Recovery and having a healthy relationship with food and your body is actually quite uncommon. I wouldn't say that we proselytize or anything, or that we keep people from leaving, but the need for a community is very real.

I have to re-brainwash myself. I have to convince myself that eating is okay, that taking a day (or week or month) off from exercising is okay. That chocolate won't kill me. That coffee is not a food group.

The really ironic part is that getting yourself out of a cult is much harder than getting yourself in, even though the process (brainwashing) is the same. I'm leaving the familiar, the unknown. That sucks. It's hard. It doesn't hold the same promises and certainty that the eating disorder did.

I'm trying to learn how to live with that. Thus far, I'm doing okay.

*Starvation is a common tactic in people who are being brainwashed

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9 comments:

All Blog Spots said...

nice blog

msempower said...

Carrie,

I was just chatting with my best friend and husband about how 'she who will not be named' (ahem...work related alien) was like David Koresh. I went to your post and my jaw dropped. Who knew comparisons to David Koresh were still top of mind???!!!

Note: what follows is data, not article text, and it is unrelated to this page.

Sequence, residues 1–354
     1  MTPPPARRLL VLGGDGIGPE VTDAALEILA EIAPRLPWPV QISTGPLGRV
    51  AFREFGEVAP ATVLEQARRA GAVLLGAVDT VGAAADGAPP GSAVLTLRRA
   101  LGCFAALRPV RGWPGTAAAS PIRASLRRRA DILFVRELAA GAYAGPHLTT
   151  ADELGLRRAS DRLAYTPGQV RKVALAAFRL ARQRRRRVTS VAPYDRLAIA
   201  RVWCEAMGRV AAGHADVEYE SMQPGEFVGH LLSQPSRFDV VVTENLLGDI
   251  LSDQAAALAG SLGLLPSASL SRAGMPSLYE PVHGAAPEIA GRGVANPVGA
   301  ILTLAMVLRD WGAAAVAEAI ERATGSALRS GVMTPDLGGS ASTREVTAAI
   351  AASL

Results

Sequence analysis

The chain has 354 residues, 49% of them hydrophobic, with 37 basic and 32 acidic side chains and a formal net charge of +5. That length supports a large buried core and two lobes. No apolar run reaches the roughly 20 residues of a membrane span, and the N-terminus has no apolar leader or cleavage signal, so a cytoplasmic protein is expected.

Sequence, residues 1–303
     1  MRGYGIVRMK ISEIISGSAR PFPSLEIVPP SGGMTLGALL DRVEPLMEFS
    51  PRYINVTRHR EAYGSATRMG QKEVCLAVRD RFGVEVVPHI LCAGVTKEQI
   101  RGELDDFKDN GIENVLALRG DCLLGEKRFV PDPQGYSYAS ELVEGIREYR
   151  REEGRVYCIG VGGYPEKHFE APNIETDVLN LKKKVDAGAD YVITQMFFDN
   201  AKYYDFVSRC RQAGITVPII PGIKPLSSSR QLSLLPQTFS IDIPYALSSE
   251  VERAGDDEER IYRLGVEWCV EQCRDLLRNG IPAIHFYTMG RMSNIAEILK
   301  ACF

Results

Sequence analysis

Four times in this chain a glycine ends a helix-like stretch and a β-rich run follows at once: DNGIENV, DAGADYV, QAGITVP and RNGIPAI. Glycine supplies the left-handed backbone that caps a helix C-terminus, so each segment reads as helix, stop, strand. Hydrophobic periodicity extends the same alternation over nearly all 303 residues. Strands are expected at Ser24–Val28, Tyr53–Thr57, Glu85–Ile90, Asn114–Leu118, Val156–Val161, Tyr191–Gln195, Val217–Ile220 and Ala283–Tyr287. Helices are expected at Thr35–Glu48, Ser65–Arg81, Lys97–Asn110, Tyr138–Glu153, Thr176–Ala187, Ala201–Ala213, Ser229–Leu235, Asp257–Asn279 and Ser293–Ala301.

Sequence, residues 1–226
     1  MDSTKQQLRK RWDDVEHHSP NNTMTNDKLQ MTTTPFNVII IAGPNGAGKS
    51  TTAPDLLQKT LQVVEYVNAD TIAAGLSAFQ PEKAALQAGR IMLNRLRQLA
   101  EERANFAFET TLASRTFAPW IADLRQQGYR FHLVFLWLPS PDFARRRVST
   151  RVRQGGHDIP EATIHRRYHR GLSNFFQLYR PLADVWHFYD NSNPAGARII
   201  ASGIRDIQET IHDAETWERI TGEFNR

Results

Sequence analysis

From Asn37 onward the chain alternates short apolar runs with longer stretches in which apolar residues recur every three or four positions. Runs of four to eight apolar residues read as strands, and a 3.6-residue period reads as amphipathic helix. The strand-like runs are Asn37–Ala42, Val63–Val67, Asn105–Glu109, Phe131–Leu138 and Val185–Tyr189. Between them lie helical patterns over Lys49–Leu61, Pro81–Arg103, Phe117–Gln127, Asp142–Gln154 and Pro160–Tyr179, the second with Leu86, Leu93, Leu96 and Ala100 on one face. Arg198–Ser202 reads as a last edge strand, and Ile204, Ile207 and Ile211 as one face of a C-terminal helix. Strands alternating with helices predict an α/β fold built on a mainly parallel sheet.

And, I must say, when I started my blog and titled it "The Eating Disorder Survivors Club" - it was a bit of a small retaliation to the pro-ana army;) If I'm going to want to be a part of anything eating disorder related, it better friggin be about surving it!

Alas, still waiting for Qantas...

With care and smiles,
Em

Katy said...

I think you make a great point about how much eating disordered thinking is ingrained in the culture...it drives me nuts, sometimes, watching so many people around me continue their disordered relationship with food while I'm struggling to give up my eating disorder. I look at them and wonder, is that what recovery looks like? Because if it is, I don't want it--I don't want my mood to go up and down based on my pants size or to decide to "be good" and get a salad for dinner when what I really want are some french fries. I don't want food or weight to be about goodness and virtue. But it's all around. I would love for there to be a recovery cult...I don't want to live a life half in my eating disorder, the way so many people seem to. It's not good enough. And maybe that's asking too much, but for all this hard work it better not be.

Anyway, I love your blog--it's a great f-you to the diet-obsessed culture, or as I once heard it called, "thindustry." You're a voice of reason.

wading through recovery said...

I know what you mean about the scarcity of intuitive eating role models.